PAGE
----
iPad Helps Businesses 'Go Green', But How Green is Apple?
iPad is Helping Businesses Go Green...
In the lead up to the launch of iPad 2, Mashable released an article stating three reasons why they think that the iPad can help businesses go green. According to the article, "Energy usage, environmental auditing and paper reduction are all areas where businesses are seeing improvements as a result of adopting the iPad."
From an energy savings point of view, the iPad can be used to actually reduce the amount of energy consumed. Lutron isÂ one of the top lighting control design and manufacturing companies, having created energy-saving solutions for homes and businesses of all types. They areÂ now leading the way in how people manage energy control systems from tablet devices. They have developed an app that can be used with the iPad to control energy usage of various appliances as well as central systems like thermostats.
Other companies like Elm Consulting Group use the iPad to take the paperless route towards energyÂ auditing. According to their Director,Â "We have been using it for audits for 6-8 months now and have shown a 15-20% time efficiency and labor savings in the dozen or so audits we have done with the iPad. Our use also reduces errors and omissions in audits, ensuring a more thorough process and end result."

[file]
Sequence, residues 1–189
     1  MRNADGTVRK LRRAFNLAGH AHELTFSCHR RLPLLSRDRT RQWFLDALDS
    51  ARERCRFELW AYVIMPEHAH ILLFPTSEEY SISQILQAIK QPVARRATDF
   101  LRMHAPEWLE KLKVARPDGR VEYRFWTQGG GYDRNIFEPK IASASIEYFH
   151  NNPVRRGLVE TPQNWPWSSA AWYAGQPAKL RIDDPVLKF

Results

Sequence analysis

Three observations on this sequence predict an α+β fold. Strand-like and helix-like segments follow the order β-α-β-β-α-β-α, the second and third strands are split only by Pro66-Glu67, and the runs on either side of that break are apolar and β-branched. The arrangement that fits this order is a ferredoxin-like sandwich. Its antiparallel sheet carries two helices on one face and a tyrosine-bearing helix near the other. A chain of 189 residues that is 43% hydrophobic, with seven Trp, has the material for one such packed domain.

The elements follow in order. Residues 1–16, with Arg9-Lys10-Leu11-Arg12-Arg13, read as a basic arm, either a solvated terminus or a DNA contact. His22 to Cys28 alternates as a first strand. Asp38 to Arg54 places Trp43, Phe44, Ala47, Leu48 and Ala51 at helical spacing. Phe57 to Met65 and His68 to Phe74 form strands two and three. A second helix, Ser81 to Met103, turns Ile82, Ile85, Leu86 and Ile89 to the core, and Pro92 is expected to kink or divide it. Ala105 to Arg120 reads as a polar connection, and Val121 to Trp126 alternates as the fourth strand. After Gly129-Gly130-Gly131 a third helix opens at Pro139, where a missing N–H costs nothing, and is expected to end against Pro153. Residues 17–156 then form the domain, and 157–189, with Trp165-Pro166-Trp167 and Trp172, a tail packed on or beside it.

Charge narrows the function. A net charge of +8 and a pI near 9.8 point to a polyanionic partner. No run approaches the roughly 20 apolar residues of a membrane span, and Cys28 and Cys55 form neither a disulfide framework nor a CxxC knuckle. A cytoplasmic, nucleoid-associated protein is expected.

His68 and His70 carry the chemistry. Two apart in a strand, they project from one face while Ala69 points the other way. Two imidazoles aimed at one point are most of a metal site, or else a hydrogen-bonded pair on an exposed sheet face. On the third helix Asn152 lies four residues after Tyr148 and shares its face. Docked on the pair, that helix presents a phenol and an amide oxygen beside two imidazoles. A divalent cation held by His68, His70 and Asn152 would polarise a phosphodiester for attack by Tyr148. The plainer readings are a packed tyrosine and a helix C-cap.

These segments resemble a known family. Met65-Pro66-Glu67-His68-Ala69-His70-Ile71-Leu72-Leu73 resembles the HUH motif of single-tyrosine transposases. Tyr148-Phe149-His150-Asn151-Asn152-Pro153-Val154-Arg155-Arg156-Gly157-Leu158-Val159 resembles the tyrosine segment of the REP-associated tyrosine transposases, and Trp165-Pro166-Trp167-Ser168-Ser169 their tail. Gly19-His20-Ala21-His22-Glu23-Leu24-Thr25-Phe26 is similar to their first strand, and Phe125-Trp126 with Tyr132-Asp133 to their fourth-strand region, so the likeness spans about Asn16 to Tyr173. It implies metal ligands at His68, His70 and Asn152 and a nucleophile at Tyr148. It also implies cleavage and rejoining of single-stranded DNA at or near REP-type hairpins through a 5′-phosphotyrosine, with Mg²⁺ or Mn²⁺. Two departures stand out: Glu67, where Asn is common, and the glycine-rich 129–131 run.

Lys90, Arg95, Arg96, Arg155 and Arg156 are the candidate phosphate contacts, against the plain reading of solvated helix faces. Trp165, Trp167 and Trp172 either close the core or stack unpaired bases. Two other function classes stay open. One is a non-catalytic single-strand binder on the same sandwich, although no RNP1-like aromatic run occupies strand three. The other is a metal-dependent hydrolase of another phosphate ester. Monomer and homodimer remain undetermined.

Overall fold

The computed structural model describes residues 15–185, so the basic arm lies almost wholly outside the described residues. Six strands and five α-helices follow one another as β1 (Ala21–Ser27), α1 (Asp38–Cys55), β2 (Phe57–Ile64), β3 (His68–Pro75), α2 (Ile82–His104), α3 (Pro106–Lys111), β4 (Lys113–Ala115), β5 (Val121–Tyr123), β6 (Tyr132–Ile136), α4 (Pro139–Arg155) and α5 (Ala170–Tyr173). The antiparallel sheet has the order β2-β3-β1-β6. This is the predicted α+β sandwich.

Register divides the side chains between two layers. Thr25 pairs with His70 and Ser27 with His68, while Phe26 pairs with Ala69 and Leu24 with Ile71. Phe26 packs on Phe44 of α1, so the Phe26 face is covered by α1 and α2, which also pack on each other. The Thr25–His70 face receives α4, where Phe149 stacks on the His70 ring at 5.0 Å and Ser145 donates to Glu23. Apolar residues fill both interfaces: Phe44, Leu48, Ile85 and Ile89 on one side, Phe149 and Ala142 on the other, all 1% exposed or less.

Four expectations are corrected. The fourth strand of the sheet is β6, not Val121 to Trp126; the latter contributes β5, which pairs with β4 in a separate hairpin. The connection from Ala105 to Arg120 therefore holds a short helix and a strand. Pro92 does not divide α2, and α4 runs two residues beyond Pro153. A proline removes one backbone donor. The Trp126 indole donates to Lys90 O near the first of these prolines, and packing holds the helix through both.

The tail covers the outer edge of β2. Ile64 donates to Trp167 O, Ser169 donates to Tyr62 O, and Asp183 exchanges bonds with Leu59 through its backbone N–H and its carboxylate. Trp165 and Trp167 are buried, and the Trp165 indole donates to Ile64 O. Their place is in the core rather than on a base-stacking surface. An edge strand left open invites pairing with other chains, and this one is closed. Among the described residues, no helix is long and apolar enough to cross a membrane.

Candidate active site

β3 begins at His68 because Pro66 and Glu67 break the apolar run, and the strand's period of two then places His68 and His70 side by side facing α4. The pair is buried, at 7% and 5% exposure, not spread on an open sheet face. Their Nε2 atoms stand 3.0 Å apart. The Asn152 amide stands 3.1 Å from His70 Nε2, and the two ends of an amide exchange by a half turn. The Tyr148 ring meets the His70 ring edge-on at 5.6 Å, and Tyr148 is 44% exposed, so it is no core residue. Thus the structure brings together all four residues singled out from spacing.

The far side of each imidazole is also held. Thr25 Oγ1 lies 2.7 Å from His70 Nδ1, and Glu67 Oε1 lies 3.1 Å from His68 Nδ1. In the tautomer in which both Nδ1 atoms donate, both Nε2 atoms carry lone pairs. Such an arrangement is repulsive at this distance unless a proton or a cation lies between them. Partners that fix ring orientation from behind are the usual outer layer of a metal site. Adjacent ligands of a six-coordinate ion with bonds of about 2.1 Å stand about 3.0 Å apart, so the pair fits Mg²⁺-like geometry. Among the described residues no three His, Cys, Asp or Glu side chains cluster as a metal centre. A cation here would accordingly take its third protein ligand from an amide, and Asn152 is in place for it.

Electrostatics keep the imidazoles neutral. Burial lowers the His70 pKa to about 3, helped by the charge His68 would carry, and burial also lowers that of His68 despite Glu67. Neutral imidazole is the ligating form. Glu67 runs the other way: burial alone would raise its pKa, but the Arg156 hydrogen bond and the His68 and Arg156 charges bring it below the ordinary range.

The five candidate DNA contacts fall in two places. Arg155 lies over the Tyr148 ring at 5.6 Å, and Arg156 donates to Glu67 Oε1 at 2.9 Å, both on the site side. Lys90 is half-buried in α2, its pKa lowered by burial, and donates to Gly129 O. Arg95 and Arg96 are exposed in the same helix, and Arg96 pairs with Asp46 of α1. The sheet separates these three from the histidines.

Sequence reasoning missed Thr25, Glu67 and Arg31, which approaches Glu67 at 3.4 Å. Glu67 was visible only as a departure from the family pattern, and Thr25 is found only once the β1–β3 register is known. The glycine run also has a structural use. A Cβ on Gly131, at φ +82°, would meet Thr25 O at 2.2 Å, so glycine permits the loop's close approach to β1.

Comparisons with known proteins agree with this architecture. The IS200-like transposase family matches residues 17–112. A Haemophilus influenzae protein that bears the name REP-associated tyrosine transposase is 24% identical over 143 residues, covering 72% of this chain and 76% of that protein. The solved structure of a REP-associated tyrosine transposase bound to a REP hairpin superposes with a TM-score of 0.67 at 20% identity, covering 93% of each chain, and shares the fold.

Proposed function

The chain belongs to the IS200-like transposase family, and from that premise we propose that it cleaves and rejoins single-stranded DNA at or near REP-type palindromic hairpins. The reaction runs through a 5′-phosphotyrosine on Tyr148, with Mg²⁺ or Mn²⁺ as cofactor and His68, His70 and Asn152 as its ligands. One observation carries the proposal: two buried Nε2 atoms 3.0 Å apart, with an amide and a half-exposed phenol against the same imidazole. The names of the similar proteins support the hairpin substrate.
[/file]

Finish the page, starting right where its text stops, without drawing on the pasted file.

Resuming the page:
Architectural firm BCRA uses the iPad to decrease the use of paper.Â BCRA estimates that the use of iPads has led to a reduction of about 41 pounds of paper per month, representing about $1,507 per month in savings associated with printing costs alone.Â Â Furthermore, the firm estimates that by year's end, new orders of printed brochures will be reduced by 80%, as they will be found on employee iPads instead.
...But is Apple Really Green?
However it has been pointed out that the iPad itself is not exactly a green gadget. Using it rather than paper doesn't automatically mean that businesses are getting greener in their operations. Recent CSR allegations against Apple has put the company's 'greeness' in the news.
It was found that many of Apple's suppliers from mainland China did not follow any kind of environmental or social code. This goes against the grain of Apple's own CSR policy. The company is one of the leaders in using conflict free metals but continues to endorse the use of underage labour.
Most of Apple's supply chain issues are a by-product of outsourcing and it can be argued that the fault lies with China's labour laws. However this does not completely discount the role of the company in encouraging these practices. It may be true that the iPad is enabling businesses to go green. It is also true that Apple makes some fantastic gadgets.
But in order to qualify as a green gadget, a piece of equipment needs to meet three basic criteria:
1) Should be manufactured without toxic chemicals with longevity in mind
2) Should be used well with renewable power and regular maintenance
3) Should be reused or recycle so that there is no e-waste
Not quite sure if Apple qualifies.
Picture Credit: iPad Press Release